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When doomsday prophecies fail, cult members double down – does this sound familiar?


Suppose an individual believes something with his whole heart; suppose further that he has commitment to this belief, that he has taken irrevocable actions because of it; finally, suppose that he is presented with evidence, unequivocal and undeniable evidence, that his belief is wrong: What will happen?

The individual will frequently emerge, not only unshaken, but even more convinced of the truth of his beliefs than ever before. Indeed, he may even show a new fervour about convincing and converting other people to his view.  Leon Festinger, When Prophecy Fails, 1956 

THE stock market will crash on December 21.

In the few seconds it took you to read that first sentence your innate survival instinct will have kicked in. It is telling you: something bad is going to happen, you need to act. The rational part of your brain is pushing back, saying: nonsense, he has no idea what will happen to the stock market on December 21. But you still have that nagging worry.

Grabbing people’s attention and coercing them into action with frightening stories and doomsday prophecies is an old trick. It exploits our risk aversion bias, which is part of our survival instinct telling us to look out for danger. The scary story trick is ubiquitous, journalists use it, religions use it, campaign groups use it and of course governments use it. Learning when to ignore such stories and when to see through them is an important life skill, and for investors an essential skill.   

In 1954, a small team of social scientists conducted a remarkable piece of research which taught us a lot about how we respond to scary stories. The scientists infiltrated a doomsday cult and were able to observe at first hand how the beliefs and behaviours of the cult members evolved in response to a series of failed prophecies.

The central doomsday prophecy of the cult was that a devastating flood would sweep through North America on December 21. The members believed they were a select few who had been chosen by spacemen from the planet Clarion to be saved from the apocalypse. They believed the spacemen, or Guardians, would transport them in flying saucers to safety on alien planets.

Leon Festinger and his team joined the cult in early November, in time to see the cult members preparing for rescue at 4pm on December 17. The event was watched by reporters, TV crews and other curious individuals.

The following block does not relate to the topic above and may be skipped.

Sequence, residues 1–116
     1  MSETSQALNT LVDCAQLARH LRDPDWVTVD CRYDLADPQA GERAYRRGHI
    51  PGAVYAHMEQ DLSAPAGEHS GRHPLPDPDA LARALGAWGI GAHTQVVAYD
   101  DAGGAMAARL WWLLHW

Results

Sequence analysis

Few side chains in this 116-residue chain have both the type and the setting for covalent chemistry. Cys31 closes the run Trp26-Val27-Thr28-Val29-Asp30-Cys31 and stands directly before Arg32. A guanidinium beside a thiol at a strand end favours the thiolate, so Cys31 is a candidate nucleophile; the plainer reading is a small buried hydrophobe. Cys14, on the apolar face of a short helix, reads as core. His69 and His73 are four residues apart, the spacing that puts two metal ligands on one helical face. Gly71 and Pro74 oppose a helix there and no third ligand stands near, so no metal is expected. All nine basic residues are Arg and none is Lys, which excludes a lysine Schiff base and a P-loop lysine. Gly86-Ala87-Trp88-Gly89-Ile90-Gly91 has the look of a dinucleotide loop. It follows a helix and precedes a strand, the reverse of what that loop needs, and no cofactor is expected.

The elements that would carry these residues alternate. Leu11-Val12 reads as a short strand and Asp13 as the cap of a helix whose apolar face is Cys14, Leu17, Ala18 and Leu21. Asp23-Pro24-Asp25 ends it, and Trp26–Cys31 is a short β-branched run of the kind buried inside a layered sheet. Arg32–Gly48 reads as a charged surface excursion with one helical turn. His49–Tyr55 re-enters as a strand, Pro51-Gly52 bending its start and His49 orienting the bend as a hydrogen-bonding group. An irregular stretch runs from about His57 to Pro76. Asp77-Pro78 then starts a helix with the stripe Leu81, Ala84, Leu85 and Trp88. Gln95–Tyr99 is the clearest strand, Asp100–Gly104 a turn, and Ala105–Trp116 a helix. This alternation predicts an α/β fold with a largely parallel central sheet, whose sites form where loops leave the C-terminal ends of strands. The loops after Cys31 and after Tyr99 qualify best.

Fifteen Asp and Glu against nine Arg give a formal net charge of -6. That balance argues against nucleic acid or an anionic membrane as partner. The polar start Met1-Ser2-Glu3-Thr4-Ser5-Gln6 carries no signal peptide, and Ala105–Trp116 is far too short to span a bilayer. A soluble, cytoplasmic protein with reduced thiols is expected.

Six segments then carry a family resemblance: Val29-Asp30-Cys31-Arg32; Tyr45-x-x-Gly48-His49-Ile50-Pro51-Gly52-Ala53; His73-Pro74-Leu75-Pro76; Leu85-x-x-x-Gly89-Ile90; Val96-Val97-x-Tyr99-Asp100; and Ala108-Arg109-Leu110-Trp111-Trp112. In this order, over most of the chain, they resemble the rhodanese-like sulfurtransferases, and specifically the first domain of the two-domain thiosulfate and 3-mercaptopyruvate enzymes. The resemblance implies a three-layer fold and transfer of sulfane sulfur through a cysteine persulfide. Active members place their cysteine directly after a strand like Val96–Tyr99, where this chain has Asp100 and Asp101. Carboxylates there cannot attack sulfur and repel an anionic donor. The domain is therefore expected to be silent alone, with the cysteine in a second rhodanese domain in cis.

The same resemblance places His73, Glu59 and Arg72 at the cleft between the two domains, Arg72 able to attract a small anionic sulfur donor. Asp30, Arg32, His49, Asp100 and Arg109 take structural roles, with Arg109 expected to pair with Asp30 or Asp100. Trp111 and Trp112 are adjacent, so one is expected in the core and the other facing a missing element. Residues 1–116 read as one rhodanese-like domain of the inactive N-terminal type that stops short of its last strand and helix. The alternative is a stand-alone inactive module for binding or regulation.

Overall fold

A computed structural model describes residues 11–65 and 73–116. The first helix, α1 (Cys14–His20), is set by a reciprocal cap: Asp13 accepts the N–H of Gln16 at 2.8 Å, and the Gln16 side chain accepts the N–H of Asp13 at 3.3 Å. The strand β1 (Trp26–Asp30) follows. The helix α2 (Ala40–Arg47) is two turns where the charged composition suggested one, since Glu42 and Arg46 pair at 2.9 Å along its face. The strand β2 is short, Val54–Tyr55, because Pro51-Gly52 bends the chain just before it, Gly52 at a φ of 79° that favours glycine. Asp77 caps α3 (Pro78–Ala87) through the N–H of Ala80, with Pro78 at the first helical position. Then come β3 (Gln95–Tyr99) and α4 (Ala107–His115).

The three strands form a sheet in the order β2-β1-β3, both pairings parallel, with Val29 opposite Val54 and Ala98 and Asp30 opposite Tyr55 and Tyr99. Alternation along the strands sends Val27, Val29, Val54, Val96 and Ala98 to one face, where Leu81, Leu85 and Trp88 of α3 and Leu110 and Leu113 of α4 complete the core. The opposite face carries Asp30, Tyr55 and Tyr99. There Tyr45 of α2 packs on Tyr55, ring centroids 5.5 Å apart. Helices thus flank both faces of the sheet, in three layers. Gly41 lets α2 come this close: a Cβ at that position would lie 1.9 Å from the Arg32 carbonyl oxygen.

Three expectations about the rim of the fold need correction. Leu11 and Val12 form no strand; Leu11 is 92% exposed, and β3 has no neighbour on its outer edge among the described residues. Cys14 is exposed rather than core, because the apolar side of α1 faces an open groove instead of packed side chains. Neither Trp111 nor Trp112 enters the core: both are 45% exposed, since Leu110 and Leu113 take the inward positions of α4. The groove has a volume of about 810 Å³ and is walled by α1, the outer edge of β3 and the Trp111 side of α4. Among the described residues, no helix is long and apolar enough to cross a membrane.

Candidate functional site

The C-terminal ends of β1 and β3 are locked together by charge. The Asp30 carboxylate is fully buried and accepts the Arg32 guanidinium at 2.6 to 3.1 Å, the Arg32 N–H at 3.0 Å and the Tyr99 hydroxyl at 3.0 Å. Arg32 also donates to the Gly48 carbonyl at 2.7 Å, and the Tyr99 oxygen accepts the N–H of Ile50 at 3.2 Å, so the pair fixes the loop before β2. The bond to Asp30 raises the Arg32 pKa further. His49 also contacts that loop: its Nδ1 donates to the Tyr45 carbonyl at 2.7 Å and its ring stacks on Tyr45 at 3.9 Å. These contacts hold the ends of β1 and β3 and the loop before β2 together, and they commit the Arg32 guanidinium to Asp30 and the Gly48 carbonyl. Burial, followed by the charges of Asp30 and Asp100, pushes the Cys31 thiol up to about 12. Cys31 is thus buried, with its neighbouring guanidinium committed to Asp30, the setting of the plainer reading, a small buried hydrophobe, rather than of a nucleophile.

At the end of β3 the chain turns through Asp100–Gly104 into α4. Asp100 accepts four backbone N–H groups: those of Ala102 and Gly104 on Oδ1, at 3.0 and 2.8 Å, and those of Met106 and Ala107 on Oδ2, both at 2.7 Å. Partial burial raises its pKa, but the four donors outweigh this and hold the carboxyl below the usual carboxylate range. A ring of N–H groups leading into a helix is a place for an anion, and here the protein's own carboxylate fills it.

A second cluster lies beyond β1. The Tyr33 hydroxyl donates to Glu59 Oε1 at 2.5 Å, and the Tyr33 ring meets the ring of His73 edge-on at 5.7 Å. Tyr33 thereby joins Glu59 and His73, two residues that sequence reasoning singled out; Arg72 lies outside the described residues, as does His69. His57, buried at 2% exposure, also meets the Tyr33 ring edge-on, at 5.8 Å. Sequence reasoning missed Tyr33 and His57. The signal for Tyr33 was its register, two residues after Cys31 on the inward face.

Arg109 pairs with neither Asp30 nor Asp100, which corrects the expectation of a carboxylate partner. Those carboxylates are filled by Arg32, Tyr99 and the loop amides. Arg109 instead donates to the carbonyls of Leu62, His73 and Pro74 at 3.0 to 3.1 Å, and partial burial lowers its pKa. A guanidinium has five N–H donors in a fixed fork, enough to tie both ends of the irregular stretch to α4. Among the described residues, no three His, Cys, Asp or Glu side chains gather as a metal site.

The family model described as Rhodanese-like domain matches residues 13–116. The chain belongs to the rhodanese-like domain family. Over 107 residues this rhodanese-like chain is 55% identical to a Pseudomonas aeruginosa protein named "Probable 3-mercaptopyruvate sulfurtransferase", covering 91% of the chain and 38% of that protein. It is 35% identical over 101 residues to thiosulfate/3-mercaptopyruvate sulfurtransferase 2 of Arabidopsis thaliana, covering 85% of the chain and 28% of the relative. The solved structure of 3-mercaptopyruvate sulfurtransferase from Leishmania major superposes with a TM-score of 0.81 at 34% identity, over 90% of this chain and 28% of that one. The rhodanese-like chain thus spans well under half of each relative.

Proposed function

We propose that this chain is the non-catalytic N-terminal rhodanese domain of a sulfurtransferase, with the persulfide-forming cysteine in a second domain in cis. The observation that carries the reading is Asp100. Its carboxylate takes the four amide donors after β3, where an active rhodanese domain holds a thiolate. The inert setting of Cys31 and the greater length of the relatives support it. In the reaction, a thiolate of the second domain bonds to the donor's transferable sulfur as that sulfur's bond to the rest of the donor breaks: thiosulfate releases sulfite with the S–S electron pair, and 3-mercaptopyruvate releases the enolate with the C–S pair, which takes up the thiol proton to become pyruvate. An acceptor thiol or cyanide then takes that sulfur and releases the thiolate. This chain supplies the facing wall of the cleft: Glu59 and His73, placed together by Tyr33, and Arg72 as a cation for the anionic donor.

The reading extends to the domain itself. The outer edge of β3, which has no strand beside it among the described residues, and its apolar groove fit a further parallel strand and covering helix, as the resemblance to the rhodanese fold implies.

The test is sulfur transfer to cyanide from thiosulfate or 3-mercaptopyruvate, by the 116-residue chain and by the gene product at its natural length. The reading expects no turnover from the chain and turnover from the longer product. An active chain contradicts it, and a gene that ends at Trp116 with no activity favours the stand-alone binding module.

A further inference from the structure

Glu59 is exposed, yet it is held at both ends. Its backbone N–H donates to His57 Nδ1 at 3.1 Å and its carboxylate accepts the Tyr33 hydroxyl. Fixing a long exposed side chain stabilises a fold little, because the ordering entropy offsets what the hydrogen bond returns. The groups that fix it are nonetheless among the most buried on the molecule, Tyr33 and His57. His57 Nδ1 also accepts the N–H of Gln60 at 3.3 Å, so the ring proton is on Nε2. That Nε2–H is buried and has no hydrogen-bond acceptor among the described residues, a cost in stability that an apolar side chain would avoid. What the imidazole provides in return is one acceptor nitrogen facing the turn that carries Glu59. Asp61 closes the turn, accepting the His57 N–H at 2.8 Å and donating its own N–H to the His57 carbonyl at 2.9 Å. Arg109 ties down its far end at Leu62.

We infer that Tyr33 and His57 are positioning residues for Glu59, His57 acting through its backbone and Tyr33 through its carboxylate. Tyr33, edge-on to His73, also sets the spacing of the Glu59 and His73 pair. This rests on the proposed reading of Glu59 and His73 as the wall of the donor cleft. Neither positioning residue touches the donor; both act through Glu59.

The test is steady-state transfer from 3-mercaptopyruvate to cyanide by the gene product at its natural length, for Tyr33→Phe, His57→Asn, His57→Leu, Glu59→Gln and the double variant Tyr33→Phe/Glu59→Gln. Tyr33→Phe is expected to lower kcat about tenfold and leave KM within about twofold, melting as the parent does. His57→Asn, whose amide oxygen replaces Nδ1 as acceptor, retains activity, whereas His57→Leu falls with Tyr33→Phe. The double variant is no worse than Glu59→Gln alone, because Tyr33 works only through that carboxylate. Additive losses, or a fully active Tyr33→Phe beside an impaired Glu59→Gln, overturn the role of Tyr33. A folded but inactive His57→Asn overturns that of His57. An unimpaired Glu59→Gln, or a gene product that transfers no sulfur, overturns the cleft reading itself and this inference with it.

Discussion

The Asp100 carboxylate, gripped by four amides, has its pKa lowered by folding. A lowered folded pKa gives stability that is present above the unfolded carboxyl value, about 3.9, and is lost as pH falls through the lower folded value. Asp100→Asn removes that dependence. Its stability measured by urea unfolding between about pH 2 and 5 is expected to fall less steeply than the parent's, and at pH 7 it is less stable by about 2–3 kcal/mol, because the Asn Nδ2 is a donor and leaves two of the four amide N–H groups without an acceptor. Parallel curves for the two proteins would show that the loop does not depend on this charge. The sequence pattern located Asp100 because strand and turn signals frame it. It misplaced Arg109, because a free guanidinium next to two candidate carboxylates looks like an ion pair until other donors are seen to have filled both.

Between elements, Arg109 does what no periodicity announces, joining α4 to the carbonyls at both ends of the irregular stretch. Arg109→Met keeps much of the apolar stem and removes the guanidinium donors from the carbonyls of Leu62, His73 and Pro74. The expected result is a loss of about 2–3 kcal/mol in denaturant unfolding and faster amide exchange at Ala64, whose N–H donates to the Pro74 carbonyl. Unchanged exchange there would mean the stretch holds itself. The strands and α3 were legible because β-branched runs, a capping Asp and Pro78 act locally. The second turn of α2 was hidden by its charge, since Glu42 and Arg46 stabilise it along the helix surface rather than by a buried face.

The cult members were told to wait for the flying saucers in the back yard of the headquarters, and to remove any metal objects from their clothing as these would heat up during the space flight, causing nasty burns.

Shortly after the flying saucers failed to arrive at 4pm, an inquisitive teenager turned up at the house. Without a shred of supporting evidence, and despite the teenager’s protestations to the contrary, the group decided he had been sent by the spacemen with instructions for the group. His inability or refusal to deliver the instructions was taken as a test of their faith.

After lengthy discussion, the group convinced themselves their spacemen masters were conducting a practice run and the flying saucers were going to arrive at another time. This invented explanation did not just allow the group to retain their beliefs, perversely it appeared to have strengthened their conviction. Festinger and his team observed this pattern many times. The disconfirmatory evidence – the absence of flying saucers – was ignored while confirmatory evidence – the teenage messenger – was invented. It was an extreme example of selection bias and confirmation bias, where any inconvenient data is discarded.   

A few hours later the group’s leader announced that the flying saucers had been delayed and would arrive later that night. Again, the group waited outside the house, this time into the cold small hours, and again nothing happened. This time the group coped with the disappointment by simply ignoring it. They returned to the house without discussion.